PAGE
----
Rutgers-Camden students can now cook in a brand new teaching kitchen
CAMDEN — Students at Rutgers University-Camden have discovered the joy of cooking and nutrition in a newly opened, state-of-the-art Teaching Kitchen located in the Raptor Dining Hall on the main floor of the campus center.
Why the need for the Teaching Kitchen?
Rutgers-Camden is an intimate campus with only one dining hall so the hope is that the teaching kitchen will add a lot of diversity to the space, said Kristin Walker, executive director of special initiatives, events and dining.
“We also wanted our students to come together and being to create and learn about nutrition because a big part of our dining program centers on nutrition,” she said.
Food is community and the idea is always to build community at Rutgers-Camden, Walker said.
The Teaching Kitchen was supposed to open in the fall of 2019, but then the COVID-pandemic hit, and plans were put on the back burner, she said.
“We wanted to add diversity to our dining program at Rutgers-Camden and have a gathering space for students,” Walker said. Adding space to build community and teach about nutrition were the two main drivers behind the kitchen, she said.
What does the kitchen look like?
The kitchen is stocked with five induction burners which allow the students to cook their own food like stir-fries, omelets, and rice dishes, It also allows executive chefs to teach students how to make several common and unique dishes, said registered dietician, Nick Mazza.
There is also a waffle iron for students to make their own waffles in the morning at the station which is loaded with toppings like cinnamon, chocolate syrup, and caramel.
At the saute station, students can choose from a range of ingredients, including grains, noodles, tofu, proteins, cheeses, and an assortment of vegetables. The cooking station features five flat electric griddles along with a host of condiments and just about every spice imaginable.
At “Smoothie Paradise,” Mazza said students can pick from a variety of fruits and vegetables and yogurts to whip up their favorite concoction. They can also use the blender to make dips (since they have garbanzo beans and an allergen-friendly sun butter), toppings, and sauces.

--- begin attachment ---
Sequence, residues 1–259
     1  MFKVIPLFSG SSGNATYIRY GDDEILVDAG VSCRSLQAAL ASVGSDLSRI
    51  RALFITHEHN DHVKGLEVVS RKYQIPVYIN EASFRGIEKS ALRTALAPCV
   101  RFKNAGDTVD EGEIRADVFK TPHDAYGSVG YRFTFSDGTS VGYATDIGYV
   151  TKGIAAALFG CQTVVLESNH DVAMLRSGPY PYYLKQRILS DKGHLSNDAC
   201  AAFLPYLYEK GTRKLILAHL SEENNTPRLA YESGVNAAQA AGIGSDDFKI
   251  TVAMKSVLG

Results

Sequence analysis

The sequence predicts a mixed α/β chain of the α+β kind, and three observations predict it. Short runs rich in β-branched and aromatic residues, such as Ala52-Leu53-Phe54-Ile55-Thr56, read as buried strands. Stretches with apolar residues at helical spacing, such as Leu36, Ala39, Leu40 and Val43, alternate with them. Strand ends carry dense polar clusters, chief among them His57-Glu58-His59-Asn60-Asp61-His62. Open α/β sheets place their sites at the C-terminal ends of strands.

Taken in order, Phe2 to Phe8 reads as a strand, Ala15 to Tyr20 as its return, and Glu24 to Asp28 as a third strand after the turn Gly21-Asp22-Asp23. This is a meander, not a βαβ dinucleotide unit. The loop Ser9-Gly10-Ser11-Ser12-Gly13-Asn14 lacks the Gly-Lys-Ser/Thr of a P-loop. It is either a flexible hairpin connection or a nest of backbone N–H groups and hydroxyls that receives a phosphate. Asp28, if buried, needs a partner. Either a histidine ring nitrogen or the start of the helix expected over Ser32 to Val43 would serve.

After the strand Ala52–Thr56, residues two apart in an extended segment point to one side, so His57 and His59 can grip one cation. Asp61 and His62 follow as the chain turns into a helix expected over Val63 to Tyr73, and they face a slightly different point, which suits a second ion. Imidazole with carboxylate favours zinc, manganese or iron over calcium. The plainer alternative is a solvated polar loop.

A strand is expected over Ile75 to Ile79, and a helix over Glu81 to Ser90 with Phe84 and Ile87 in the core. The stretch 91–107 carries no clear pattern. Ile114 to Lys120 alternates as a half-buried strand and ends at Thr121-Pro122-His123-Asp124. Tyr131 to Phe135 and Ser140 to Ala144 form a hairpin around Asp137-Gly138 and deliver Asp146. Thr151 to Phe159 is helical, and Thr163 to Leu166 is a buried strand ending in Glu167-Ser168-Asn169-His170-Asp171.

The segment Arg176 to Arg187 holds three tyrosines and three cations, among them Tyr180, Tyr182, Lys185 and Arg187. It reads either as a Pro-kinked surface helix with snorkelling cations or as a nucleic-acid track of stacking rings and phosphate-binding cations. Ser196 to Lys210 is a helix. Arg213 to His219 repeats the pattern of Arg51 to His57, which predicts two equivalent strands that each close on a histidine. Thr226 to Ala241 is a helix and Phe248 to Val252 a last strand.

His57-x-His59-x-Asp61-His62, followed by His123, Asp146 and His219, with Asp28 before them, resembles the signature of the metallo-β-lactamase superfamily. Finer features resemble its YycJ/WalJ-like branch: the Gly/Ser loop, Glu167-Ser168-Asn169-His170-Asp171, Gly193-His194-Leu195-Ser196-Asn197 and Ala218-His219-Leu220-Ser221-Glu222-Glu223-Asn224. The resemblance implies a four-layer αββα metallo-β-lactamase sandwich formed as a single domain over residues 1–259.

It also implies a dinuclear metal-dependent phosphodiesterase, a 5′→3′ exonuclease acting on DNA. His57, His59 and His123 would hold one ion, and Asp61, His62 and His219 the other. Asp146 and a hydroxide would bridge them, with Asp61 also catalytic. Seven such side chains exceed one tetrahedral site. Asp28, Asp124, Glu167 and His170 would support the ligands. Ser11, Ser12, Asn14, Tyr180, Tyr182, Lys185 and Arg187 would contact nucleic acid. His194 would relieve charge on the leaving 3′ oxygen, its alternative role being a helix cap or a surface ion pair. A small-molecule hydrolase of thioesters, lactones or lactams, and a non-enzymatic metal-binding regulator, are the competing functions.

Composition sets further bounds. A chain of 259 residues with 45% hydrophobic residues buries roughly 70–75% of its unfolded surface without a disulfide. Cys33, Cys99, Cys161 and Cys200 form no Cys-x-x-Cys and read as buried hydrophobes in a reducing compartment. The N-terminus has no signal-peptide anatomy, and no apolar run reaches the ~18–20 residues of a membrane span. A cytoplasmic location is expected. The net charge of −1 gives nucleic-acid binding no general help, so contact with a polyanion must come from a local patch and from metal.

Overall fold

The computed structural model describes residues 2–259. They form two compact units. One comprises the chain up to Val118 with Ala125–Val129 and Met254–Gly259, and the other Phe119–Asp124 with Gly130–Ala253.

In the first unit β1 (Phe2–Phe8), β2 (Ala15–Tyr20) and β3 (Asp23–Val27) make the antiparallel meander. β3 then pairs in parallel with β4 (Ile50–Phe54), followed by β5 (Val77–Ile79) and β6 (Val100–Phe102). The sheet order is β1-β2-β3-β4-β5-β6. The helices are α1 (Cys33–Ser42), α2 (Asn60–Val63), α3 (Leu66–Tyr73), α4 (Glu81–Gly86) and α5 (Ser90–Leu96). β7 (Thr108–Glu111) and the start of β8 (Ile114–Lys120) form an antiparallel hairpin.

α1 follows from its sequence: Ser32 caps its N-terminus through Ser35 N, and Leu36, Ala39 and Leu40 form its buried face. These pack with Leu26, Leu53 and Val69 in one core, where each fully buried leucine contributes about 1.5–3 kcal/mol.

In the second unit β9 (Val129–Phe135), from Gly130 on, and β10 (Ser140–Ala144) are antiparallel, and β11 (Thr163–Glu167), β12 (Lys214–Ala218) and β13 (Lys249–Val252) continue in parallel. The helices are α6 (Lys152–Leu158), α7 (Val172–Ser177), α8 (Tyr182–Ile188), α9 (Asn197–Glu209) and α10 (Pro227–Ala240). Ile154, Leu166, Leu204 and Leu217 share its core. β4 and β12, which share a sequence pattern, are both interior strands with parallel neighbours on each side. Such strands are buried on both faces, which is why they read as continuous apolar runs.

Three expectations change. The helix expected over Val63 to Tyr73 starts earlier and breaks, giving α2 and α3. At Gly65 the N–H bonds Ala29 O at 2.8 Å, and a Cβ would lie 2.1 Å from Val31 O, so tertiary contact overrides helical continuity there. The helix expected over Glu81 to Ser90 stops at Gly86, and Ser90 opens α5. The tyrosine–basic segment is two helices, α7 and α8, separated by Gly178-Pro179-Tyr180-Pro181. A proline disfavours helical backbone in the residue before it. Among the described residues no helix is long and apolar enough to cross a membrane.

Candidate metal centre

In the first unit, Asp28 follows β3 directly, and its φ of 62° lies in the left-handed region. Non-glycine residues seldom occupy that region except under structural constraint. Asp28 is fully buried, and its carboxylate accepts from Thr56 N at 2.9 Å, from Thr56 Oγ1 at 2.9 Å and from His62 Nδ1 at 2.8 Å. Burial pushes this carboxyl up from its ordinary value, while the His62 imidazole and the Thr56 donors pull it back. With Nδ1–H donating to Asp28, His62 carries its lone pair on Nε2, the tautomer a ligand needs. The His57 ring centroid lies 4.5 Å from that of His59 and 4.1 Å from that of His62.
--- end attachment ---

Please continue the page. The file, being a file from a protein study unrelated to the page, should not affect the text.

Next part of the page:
“We want students to basically use this space and all the ingredients stocked in it to be able to create their own inventions. We want them to make their own comfort foods, but we also want to challenge them with the ingredients we have available,” Mazza said.
The kitchen is open daily for students to prepare meals and snacks tailored to their own tastes, dietary restrictions, and faith.
Classes on nutrition and culinary skills are held every other week by Mazza and executive chef, Raheem Griffith, designed to empower students to plan menus, cook with set ingredients, explore new cuisines from around the world, and find new ways to eat, Mazza said.
What has the reaction been from students?
“I’ve had students literally stop me and say ‘this is so cool,’ and that is so gratifying,” Walker said. To see the kids cooking shoulder-to-shoulder and members of the basketball team preparing their pre-practice snacks has been so satisfying to her.
Mazza has also received a lot of positive feedback from the students and the kitchen has only been open since Oct. 4.
“Some of the great things I’ve heard are ‘I’m now able to make some things like my mom and dad make at home,’ which is great because we know that we have a lot of first-generation college students and some of these things we offer at Rutgers-Camden is new to them,” Mazza said.
It’s important to make these students feel at home, but it’s equally important to challenge them to make new dishes, he said. Cooking provides comfort and a creative outlet for many of these kids.
Students looking for recipes can scan QR codes in a virtual cookbook. They can also check out the Teaching Kitchen website for tips on creating do-it-yourself dishes. Mazza said there is also a printed cookbook for students who cannot access it on their phones or computers.
What are the future goals?
Walker said while it’s wonderful that this Teaching Kitchen is geared toward Rutgers-Camden students, she would love to see the kitchen be available to all Rutgers-Camden-aged kids in the community where they can also learn about nutrition.
Mazza agreed with allowing the Rutgers-Camden community to have access to the Teaching Kitchen. He also said he would like to see more diversification when it comes to ingredients.
What the kitchen has is fantastic, but he would love more plant-based options like tan and tabbouleh added to the ingredient list so students can experiment in that way. He would also like to see more fresh vegetables and fruits added so students have more smoothie options, or perhaps make a berry and red pepper coulis.
Mazza said what makes this Teaching Kitchen so successful are the Rutgers-Camden student cooks who are in it and the ingredients that are offered.
“I think continuing to develop that and spreading the word of the Teaching Kitchen is only going to make it a greater and more wholesome space,” Mazza said.
It’s great to have state-of-the-art equipment and learning space. But he said it’s only as great as the students who populate it, he said.
Both Walker and Mazza agree that seeing the students have so much fun creating dishes and finding a sense of home within this kitchen, is extremely satisfying.
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